“I had that saw right over there, that’s it,” he said, pointing to a table saw. “And in high school, my dad gave me a lathe.”

A look around his workshop revealed even more tools, including a router — on its own table — and a lathe, but not the same lathe given to him by his father 50 years ago. The acquisition of all of these tools has been a slow process for Kritzer.

“If something would come up and I had the money, then I would buy the machine,” Kritzer said. “And same with hand tools. I’ve picked up a lot of them at auctions.”

Kritzer opened a drawer that held at least a dozen hand planes.

“Hand planes all do different jobs,” Kritzer said. “This one is for straightening and flattening. This one is for roughing lumber. It depends what I’m trying to do.”

And then there’s the wood. In every corner of his workshop, Kritzer has beautiful pieces of raw wood, some in boards, others in log form.

“A lot of people get hardwoods from overseas, but I like to stick with cherry, walnut, oak, ash — mostly domestic woods,” Kritzer said. “Whatever I can get at a bargain.”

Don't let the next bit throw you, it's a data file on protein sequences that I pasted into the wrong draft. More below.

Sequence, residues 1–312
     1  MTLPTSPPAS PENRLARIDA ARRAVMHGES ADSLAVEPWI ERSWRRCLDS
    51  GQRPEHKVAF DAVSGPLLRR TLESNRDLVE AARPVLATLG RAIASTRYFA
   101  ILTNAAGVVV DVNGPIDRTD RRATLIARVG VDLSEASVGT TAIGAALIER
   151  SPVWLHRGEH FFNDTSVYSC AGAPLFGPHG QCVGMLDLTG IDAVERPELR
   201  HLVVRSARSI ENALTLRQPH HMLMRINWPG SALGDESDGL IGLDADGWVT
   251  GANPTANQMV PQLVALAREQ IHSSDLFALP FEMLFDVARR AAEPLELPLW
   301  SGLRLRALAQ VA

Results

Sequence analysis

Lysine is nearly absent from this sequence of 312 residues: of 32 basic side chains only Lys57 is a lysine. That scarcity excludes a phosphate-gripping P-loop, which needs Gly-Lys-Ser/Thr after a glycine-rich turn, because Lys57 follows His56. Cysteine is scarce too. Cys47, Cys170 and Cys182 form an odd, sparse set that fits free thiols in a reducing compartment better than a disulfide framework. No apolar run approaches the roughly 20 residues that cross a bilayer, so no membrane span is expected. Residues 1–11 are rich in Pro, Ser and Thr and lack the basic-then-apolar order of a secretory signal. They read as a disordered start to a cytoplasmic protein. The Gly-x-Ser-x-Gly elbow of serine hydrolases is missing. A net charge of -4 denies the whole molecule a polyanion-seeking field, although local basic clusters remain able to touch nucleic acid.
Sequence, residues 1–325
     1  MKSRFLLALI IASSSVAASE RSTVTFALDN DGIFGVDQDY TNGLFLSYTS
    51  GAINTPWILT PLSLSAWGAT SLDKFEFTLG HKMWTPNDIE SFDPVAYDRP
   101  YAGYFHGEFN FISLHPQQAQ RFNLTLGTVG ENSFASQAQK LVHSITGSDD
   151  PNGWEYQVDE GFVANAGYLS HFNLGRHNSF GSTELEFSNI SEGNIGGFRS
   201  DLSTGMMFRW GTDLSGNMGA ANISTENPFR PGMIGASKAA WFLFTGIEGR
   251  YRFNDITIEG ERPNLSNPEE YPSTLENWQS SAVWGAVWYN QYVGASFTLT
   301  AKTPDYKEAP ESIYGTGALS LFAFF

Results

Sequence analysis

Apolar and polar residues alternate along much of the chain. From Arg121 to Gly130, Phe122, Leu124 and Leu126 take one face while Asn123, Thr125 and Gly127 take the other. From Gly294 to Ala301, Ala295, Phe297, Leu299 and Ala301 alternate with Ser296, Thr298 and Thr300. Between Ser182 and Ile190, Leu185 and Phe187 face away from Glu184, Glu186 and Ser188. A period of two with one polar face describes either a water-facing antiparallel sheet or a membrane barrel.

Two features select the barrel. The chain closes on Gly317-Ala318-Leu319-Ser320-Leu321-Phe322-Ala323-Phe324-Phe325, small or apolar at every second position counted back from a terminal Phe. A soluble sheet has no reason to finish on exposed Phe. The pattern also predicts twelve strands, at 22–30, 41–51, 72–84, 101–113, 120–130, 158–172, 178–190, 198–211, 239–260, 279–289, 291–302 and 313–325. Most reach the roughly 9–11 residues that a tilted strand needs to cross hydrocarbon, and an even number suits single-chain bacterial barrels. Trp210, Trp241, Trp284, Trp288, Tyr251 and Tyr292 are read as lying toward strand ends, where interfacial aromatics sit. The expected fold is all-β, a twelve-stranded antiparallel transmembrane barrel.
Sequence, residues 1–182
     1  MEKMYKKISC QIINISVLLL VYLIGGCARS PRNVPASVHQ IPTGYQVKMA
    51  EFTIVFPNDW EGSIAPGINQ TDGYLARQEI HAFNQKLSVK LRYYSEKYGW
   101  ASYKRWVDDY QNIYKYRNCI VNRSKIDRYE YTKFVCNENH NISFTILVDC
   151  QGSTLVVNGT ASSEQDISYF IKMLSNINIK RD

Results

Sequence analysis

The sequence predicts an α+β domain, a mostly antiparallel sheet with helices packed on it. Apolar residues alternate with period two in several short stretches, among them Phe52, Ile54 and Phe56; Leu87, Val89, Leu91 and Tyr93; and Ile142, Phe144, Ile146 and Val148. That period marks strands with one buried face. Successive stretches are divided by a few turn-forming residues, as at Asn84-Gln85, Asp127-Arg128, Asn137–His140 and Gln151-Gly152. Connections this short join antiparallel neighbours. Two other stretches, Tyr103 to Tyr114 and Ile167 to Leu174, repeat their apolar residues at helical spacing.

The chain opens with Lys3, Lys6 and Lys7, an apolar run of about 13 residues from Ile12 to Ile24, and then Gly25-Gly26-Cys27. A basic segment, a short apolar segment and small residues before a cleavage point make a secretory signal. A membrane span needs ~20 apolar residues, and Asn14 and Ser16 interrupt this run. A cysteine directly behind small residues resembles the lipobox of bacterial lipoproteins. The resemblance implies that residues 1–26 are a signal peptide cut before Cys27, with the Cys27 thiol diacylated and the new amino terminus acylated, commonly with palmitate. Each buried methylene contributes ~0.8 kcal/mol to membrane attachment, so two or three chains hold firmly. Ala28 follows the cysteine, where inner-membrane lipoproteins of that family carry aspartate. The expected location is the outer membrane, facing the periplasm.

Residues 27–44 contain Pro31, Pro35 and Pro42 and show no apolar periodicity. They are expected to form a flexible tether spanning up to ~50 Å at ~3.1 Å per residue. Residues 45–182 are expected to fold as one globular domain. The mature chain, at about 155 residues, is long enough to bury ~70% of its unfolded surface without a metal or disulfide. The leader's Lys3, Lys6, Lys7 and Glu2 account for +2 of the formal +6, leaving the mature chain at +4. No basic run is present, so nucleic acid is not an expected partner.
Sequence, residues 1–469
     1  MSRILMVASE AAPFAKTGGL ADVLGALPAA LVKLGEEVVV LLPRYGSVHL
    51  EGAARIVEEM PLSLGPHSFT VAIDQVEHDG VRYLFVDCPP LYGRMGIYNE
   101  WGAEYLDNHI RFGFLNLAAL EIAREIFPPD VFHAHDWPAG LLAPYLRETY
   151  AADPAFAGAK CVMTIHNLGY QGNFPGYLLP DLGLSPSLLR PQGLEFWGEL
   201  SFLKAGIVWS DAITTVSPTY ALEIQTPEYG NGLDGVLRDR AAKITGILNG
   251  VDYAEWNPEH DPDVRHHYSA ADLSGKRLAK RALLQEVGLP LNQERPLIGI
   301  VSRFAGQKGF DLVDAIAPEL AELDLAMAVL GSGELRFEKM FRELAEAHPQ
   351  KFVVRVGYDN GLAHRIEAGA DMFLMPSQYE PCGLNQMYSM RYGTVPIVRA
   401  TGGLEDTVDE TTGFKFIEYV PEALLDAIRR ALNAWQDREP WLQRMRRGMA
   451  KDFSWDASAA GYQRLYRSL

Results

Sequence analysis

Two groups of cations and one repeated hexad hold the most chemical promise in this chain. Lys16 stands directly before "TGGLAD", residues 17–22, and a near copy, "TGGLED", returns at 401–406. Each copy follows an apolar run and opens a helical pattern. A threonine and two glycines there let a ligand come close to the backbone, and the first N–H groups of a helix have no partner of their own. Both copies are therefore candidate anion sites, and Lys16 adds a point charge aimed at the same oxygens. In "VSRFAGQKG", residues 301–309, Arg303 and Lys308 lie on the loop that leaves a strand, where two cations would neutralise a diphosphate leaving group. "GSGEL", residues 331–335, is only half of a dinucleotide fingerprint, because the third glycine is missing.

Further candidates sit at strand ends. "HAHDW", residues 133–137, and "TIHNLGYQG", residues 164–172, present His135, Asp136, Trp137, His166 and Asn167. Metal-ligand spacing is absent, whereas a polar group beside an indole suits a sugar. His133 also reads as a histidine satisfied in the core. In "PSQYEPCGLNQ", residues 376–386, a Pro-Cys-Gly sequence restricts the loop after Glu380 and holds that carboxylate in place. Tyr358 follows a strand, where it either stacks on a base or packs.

Several years ago a neighbor called Kritzer to ask if he wanted a cherry tree that had fallen in her yard. Kritzer jumped on it. He called someone to mill the logs into boards, which are stored in his workshop’s basement.

“They’ve been drying for about five years, and now they’re ready to use,” he said.

The workshop itself is a source of pride for Kritzer. “I built it about 20 years ago, and my son Austin helped me,” Kritzer said. “I knew it was time to get the dust and noise out of the house.”

The three-story barn-shaped structure houses Kritzer’s workshop on the main level, storage in the basement, and Austin’s music studio on the second floor.